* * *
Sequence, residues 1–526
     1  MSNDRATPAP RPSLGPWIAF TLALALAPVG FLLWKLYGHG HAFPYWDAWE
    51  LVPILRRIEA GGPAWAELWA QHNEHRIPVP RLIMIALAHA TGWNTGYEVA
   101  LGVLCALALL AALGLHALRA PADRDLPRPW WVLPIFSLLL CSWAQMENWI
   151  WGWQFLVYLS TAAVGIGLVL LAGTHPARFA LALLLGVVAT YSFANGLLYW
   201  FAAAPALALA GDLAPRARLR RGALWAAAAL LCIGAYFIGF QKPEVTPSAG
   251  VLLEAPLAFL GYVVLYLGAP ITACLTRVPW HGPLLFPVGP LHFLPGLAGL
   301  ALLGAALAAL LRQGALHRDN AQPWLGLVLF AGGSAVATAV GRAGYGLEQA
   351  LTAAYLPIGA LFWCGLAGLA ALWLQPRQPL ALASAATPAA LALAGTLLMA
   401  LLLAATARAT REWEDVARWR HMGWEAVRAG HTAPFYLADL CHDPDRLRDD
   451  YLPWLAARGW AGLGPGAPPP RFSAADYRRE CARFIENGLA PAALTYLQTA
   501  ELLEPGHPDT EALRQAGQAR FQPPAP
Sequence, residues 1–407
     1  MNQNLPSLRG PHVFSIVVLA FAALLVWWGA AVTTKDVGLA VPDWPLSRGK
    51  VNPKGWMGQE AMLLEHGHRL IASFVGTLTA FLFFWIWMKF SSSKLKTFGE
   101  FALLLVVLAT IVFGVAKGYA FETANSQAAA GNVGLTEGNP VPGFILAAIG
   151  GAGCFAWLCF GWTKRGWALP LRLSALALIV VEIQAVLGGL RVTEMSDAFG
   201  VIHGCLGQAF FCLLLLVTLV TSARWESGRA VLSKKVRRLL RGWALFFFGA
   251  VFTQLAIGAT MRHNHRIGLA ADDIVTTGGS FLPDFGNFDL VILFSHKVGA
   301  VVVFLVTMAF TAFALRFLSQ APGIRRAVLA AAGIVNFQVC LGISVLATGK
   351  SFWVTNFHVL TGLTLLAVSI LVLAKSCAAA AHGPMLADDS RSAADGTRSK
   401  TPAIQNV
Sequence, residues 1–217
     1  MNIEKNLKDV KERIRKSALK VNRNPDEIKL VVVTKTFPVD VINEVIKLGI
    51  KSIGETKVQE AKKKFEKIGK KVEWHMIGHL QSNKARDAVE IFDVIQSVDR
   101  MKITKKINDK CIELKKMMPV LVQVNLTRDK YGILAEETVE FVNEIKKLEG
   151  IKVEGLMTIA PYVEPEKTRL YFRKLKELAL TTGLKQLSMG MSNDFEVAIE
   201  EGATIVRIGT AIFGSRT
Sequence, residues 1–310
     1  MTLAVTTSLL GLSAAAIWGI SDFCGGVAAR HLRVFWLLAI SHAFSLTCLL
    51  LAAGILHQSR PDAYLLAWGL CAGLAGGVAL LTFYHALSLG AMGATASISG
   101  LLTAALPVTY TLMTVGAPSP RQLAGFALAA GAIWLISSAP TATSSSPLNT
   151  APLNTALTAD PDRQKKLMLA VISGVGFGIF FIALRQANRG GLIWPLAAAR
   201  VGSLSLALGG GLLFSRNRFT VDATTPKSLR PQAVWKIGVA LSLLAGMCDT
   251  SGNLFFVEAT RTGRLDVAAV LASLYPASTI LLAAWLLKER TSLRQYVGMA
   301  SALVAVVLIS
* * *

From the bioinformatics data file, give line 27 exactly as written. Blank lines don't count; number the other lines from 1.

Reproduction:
   151  IKVEGLMTIA PYVEPEKTRL YFRKLKELAL TTGLKQLSMG MSNDFEVAIE